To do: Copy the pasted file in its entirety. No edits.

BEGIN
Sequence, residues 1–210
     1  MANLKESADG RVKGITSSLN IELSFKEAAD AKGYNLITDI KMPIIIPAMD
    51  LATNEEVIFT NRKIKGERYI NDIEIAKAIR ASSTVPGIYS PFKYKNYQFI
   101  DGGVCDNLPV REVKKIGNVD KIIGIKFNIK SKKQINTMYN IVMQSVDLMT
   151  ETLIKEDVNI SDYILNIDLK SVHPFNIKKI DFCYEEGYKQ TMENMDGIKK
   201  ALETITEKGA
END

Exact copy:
Sequence, residues 1–210
     1  MANLKESADG RVKGITSSLN IELSFKEAAD AKGYNLITDI KMPIIIPAMD
    51  LATNEEVIFT NRKIKGERYI NDIEIAKAIR ASSTVPGIYS PFKYKNYQFI
   101  DGGVCDNLPV REVKKIGNVD KIIGIKFNIK SKKQINTMYN IVMQSVDLMT
   151  ETLIKEDVNI SDYILNIDLK SVHPFNIKKI DFCYEEGYKQ TMENMDGIKK
   201  ALETITEKGA